Business Succession Plan – what to do?
The death of a principal owner of a closely held business can create serious financial problems for the estate, the business, and the survivors of the decedent. Often, the decedent’s interest in the business is a major portion of his or her total estate. Upon his or her death, the survivors may be faced with significant problems concerning the continuation of the business and its orderly transfer, such as:
- The estate tax generated by the closely held business can place a substantial burden on the estate, which may necessitate a forced liquidation.
- If the corporate stock is sold to an outsider, the surviving owners’ interests may be jeopardized and their control diluted.
- The decedent’s heirs can be left in a disadvantaged position to negotiate a fair purchase price for their shares.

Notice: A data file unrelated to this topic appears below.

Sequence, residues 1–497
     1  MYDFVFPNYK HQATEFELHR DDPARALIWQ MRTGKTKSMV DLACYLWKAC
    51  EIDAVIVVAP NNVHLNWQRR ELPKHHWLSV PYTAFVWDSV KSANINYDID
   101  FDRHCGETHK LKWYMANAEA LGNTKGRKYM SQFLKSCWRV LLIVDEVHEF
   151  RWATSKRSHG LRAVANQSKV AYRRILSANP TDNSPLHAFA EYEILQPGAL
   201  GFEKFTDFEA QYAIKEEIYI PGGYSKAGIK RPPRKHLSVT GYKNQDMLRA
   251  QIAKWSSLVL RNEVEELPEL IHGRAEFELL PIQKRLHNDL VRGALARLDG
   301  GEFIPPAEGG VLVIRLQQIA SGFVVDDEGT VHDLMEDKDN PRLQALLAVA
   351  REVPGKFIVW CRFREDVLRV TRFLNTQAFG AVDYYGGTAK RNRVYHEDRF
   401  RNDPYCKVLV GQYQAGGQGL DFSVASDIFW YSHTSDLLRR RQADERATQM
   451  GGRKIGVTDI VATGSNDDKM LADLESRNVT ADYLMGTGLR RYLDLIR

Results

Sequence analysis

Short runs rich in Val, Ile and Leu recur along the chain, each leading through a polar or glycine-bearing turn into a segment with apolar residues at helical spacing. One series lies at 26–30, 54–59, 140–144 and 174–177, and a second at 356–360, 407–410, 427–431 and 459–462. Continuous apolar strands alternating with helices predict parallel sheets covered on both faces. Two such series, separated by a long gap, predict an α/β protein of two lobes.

- Should the heirs desire to remain in the business, they may not be able to take part in management—which would limit their ability to determine business policy or compensation to business owners.
Buy-Sell Agreements Can Provide an Orderly Transition
Most business continuation problems can be avoided with planning that includes a buy-sell agreement. These agreements provide for the orderly transfer of the decedent’s business interest to key employees, business partners, co-shareholders, loved ones, or the company itself at a fair value, determined in advance of the business owner’s death.
Under the terms of a buy-sell agreement, the parties agree in advance to purchase the interest of an owner upon his or her death or, in some cases, disability. Generally this means that either the remaining partners, key employees, family members, or the company agree to buy out the shares of the deceased’s successors, and the successors agree to sell. Prices and terms of the buyout are established prior to the event and apply to all parties subject to the terms of the agreement.